Sitting in the back of the family station wagon, my father turns into the neighborhood on Basque Ave. “Lie down Ricki and close your eyes,” he commands. “We just turned north on Basque.” I close my eyes and become one with the car. I feel a surge to the left. 
My father asks, “What direction now?” 
I say, “West.” 
“Yes, this is Porter.”

A quick turn to the right.
“Lambert, north,” I say.
A longer time passes and another right. “East,” I say.
We continue to zig zag through the neighborhood while I call out compass directions. It is a game my father and I play. It tunes my internal compass. I generally know intuitively which direction is north.

Standing outside my bedroom window, I am looking up through tree branches at a blue sky. With a leap and a batting of arms I fly past the tree, over the roof of our house and into the open sky. I hover, looking down at the neighborhood. There is my neighbor friend’s house and the side yards that we play in. As I rise above the grid of streets, I see the major roads that frame our houses and define our neighborhood. A half mile to the east is my kindergarten. I turn a slow 360 until my eyes meet the bright light of the rising sun. I close my eyes and sit up suddenly in my bed. Through my western window I see the rising sun. This dream has happened before and it will happen again.

It is the second week of class at a new school in the 2nd grade. We students all file into the classroom. The teacher taps a finger on her desk for order and speaks:
“Ok students, I expect you are all ready to present your assignment. Who will be the first to give a speech on the topic you have prepared?”
I panic. I have no memory of an assignment. I am completely unprepared. I look around desperately. My eyes stop on the pile of books under my desk. Picking the books up I see that each one is a little different. The bindings are all different. I raise my hand.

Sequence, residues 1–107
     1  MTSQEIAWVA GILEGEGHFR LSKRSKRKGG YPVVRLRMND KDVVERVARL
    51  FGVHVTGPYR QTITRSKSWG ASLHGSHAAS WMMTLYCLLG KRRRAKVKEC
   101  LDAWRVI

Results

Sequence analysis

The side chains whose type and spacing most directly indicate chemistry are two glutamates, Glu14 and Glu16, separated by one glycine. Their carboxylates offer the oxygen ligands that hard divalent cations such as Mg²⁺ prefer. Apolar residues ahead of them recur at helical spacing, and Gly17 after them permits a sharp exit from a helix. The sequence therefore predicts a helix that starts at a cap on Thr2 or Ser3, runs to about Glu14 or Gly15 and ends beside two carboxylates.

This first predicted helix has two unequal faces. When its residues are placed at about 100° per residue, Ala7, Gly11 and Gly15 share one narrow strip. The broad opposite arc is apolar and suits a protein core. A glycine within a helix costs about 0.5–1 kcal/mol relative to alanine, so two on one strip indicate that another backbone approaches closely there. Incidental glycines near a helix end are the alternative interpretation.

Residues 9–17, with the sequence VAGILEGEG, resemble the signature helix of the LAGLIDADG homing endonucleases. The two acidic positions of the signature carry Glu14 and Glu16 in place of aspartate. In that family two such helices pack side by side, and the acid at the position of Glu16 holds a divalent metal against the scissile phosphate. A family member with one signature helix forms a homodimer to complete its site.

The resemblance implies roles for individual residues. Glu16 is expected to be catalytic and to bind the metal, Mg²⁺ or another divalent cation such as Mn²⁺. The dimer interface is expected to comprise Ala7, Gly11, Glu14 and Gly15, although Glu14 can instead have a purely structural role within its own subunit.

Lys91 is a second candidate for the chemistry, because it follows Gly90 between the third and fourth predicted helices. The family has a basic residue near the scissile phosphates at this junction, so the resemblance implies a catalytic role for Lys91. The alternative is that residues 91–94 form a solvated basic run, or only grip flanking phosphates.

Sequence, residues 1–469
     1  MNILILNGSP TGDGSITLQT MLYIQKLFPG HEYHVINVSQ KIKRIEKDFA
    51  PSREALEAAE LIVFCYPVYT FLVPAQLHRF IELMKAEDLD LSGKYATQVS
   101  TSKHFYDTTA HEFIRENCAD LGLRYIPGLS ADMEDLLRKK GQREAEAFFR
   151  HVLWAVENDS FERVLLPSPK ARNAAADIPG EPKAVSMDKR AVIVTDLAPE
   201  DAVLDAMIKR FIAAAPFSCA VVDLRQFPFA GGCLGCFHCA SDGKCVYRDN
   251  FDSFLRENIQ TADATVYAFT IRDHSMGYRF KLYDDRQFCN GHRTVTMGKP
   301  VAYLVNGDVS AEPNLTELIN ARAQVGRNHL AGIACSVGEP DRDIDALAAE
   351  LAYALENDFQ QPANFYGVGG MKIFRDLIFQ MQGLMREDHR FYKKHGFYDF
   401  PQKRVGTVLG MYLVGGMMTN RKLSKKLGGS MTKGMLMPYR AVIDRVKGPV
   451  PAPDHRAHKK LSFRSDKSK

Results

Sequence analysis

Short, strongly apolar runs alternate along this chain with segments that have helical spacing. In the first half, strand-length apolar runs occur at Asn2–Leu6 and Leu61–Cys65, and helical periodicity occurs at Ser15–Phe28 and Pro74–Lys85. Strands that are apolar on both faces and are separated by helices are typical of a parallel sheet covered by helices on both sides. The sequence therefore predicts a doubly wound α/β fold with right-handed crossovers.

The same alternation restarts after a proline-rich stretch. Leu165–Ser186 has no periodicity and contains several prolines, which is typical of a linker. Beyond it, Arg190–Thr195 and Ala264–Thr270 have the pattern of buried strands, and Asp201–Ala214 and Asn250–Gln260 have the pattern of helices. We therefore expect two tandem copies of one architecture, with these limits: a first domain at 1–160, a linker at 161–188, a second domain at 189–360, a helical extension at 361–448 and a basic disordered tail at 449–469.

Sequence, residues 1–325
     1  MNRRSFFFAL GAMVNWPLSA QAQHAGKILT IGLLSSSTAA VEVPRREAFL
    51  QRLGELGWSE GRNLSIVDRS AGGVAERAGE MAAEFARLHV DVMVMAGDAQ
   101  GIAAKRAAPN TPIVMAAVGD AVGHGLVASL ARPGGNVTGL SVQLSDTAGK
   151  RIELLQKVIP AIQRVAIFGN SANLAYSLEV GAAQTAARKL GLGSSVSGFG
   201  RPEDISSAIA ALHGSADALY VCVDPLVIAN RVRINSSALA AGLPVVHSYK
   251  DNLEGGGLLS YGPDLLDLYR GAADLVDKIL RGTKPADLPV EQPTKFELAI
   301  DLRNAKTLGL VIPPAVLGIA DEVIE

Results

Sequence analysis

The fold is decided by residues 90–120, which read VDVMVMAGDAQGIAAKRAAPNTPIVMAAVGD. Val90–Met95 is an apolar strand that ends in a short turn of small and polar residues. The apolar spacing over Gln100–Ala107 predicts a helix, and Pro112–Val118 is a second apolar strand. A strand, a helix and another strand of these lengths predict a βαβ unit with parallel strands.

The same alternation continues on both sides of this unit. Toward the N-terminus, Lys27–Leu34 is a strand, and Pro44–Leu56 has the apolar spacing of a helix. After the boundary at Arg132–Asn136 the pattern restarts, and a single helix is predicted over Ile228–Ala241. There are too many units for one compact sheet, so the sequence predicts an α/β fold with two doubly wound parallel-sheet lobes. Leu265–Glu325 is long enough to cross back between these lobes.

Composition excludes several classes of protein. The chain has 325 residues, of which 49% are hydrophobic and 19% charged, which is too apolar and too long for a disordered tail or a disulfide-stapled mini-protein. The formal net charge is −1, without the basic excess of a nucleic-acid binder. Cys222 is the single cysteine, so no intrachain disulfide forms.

“Yes Ricki. Please stand.”
Picking up the books and putting them on my desk, I stand. Nervously, I look around the class. Everyone is looking at me. My mouth opens and nothing comes out.
“Ricki?” asks the teacher.
The words just flow out of me: “Books are put together differently.” Picking up the first book, I open it for the class to see. “Some books are glued, like this one.” I put it down and pick up the next one. “Some have staples like this one.” The last book is spiral bound. “This one has a squiggly plastic thing that holds the pages on.” I sit down.
“Very good Ricki, who is next?” My first improvisation goes thankfully well.

I am lying on a cot in our family campground on the shore of the Salton Sea. The night sky is glitter thrown onto a charcoal blanket. A wide band of milky sparkle is painted across the night with a broad celestial brush. The man in the moon watches quietly from a corner of the sky. Red flashing comets of light streak across from Pendleton to Vandenberg. I am flying with satellites as they trace their course across my imagination.

It is a hot day on the banks of the Colorado River. My father has rigged a water ski tow rope onto a harness which he slips over his shoulders. I am standing in skis in the soft sandy water of the shallows. Dad hands me the rope handle. He nods to me and I nod back.